Hurricane Charley, a far bigger and more erratic storm than expected, slashed into Florida's crowded Gulf Coast on Friday with 145-mph winds that peeled off rooftops, wrenched trees from the ground and lifted sea crests to frightening levels.
The fickle storm -- dubbed a "Friday the 13th nightmare" by some residents -- startled emergency officials in the afternoon by suddenly spiking into a Category 4 hurricane over warm Caribbean waters. The storm then made a sharp, unexpected turn to the east and slammed into a string of beach towns near Fort Myers, tossing boats out of the water and shearing telephone poles.
"This is the nightmare scenario we've been talking about for years," Max Mayfield, director of the National Hurricane Center in Miami, told reporters.
While the storm was still spinning across Florida toward Orlando, Gov. Jeb Bush (R) estimated that the total damage could reach $15 billion. The Kennedy Space Center and the Orlando theme parks closed early. Navy ships in Jacksonville were sent out to sea to avoid the storm. President Bush, the governor's brother, declared the state a federal disaster area, freeing up aid money for the four hardest-hit counties: Sarasota, Charlotte, Lee and Manatee.
"Trees are down everywhere," said Kara Winton of the police department in Fort Myers Beach, one of the first communities to be hit. "The rain was horizontal. It was quite impressive -- quite scary."
More than 500,000 people were without power late Friday in Florida, and the number was expected to grow. Concerns about flash-flooding were widespread as storm surges peaked at about 14 feet. At least four people were killed as the storm passed through the Caribbean -- three in Cuba and one in Jamaica. The State Department announced that $50,000 in U.S. assistance will be provided for Cuban storm victims. Three deaths were reported in Florida, including that of a man crushed by a falling tree when he stepped out into the storm to smoke a cigarette.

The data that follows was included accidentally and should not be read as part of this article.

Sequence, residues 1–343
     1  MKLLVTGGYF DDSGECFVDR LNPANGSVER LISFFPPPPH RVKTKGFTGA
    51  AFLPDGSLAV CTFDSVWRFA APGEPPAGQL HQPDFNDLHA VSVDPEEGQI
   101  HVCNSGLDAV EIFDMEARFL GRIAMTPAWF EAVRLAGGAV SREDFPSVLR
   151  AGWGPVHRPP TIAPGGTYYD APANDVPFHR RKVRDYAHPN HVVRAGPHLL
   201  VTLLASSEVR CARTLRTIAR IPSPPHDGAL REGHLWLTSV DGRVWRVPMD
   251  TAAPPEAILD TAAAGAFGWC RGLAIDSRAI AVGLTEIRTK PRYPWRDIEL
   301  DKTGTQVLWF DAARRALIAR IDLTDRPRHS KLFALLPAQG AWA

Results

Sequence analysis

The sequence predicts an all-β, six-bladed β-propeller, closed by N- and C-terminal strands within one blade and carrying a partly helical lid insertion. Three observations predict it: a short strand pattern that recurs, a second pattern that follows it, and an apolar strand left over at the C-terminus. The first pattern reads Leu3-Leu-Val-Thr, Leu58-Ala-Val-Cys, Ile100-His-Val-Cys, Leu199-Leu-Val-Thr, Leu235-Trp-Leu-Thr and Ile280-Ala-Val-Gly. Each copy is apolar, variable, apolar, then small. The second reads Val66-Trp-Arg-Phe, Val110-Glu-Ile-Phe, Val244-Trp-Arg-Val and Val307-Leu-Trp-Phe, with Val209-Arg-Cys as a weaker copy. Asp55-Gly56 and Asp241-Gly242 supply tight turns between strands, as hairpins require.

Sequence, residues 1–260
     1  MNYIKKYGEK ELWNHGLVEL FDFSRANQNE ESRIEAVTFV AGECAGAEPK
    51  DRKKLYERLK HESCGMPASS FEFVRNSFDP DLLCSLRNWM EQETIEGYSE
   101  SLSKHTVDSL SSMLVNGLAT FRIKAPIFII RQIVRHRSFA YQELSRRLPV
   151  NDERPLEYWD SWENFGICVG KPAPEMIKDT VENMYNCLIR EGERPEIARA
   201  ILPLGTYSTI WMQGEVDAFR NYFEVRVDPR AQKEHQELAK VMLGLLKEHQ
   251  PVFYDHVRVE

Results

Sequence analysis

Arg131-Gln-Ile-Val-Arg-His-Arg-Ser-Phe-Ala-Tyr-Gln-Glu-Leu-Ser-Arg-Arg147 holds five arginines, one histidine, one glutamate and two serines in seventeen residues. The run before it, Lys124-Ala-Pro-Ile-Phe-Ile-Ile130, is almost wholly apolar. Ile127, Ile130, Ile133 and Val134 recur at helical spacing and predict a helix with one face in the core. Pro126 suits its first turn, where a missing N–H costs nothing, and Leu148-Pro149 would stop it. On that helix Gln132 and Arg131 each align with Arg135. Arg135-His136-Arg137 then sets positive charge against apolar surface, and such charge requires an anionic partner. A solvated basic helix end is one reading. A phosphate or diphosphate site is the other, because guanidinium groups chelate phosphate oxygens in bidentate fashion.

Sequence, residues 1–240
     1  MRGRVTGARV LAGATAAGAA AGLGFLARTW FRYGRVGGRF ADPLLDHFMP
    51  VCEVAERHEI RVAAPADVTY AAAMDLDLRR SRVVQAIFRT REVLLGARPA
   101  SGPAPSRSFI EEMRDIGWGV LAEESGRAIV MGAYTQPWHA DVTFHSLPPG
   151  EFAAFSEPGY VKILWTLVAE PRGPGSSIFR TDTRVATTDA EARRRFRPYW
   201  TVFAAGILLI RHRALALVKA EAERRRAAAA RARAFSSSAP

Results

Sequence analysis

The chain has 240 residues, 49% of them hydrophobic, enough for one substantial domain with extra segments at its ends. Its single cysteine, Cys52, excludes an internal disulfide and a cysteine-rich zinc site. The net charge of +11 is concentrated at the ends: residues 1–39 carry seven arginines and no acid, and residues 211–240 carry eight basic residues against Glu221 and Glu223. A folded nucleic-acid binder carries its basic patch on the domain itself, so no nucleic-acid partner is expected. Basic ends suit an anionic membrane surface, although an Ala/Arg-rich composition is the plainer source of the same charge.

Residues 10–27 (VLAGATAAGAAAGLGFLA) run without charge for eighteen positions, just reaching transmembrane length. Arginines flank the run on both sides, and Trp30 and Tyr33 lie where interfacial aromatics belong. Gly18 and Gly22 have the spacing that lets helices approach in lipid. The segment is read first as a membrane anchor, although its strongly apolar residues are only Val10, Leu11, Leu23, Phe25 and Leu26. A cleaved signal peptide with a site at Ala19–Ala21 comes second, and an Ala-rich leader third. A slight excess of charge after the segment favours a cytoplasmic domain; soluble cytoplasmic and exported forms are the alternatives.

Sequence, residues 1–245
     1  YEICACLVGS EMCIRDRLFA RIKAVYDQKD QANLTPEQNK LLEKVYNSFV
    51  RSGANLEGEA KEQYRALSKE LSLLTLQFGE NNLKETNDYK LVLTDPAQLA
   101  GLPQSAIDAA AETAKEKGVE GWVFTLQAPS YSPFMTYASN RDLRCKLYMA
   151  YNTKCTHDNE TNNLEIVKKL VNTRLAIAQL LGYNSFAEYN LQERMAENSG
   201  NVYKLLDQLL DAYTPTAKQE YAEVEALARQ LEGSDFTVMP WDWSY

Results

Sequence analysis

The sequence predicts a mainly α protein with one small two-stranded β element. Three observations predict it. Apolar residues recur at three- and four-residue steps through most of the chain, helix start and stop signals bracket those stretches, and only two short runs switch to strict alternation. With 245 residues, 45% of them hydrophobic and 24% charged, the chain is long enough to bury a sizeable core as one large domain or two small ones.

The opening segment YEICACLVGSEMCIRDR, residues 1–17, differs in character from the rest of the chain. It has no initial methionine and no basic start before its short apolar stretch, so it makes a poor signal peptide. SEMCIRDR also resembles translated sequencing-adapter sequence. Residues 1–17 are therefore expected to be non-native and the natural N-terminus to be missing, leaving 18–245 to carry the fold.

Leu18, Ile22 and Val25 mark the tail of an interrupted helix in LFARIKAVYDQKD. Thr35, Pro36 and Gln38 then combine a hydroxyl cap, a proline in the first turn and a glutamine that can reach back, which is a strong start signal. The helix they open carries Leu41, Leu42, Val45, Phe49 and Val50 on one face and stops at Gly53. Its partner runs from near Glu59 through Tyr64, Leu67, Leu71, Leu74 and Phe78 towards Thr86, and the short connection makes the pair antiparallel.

About 50 people in Punta Gorda, near where the hurricane made landfall, went to Charlotte Regional Medical Center with storm injuries, the Associated Press reported. Josh Putter, the hospital's chief executive, told AP: "There's a lot of crush injuries. Things have fallen on people, crushed their legs, crushed their pelvis -- a lot of bleeding, a lot of major and minor lacerations."
The hospital was so badly damaged that those injured and existing patients were transferred to other hospitals via Coast Guard helicopters.
Charley's ultimate legacy may be its maddening unpredictability. Some local officials complained that they did not receive high-quality information from state and federal officials.
"They told us for years they don't forecast hurricane intensity well and, unfortunately, we know that now," Wayne Sallade, director of emergency management in Charlotte County, told AP. "This magnitude storm was never predicted."
Such criticisms drew an immediate response from state emergency coordinators, who said forecasts were always accompanied by warnings that the track and intensity of the storm might change.
"People are going to say, 'It didn't hit where you said it was going to hit,' " said Craig Fugate, Florida's emergency services director. "Hurricane forecasting is not a perfect science . . . we must respect Mother Nature."